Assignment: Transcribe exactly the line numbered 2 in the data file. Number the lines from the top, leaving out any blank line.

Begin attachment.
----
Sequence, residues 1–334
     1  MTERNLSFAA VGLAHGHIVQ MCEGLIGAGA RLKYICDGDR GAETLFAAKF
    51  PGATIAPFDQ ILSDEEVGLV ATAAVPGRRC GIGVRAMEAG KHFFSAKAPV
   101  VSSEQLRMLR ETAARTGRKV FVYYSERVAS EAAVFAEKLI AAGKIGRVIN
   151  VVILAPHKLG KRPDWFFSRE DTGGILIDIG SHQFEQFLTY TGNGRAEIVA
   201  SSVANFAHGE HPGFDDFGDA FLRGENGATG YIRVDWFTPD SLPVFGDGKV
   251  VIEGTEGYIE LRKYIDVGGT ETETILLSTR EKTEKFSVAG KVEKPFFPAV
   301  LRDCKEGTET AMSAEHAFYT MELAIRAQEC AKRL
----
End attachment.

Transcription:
     1  MTERNLSFAA VGLAHGHIVQ MCEGLIGAGA RLKYICDGDR GAETLFAAKF